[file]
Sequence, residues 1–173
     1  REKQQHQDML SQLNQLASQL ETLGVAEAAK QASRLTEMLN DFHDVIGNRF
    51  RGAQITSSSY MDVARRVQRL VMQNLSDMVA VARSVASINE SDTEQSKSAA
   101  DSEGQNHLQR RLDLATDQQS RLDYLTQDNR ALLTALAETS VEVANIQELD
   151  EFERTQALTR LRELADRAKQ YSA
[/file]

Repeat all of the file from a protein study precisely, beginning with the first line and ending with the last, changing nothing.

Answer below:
Sequence, residues 1–173
     1  REKQQHQDML SQLNQLASQL ETLGVAEAAK QASRLTEMLN DFHDVIGNRF
    51  RGAQITSSSY MDVARRVQRL VMQNLSDMVA VARSVASINE SDTEQSKSAA
   101  DSEGQNHLQR RLDLATDQQS RLDYLTQDNR ALLTALAETS VEVANIQELD
   151  EFERTQALTR LRELADRAKQ YSA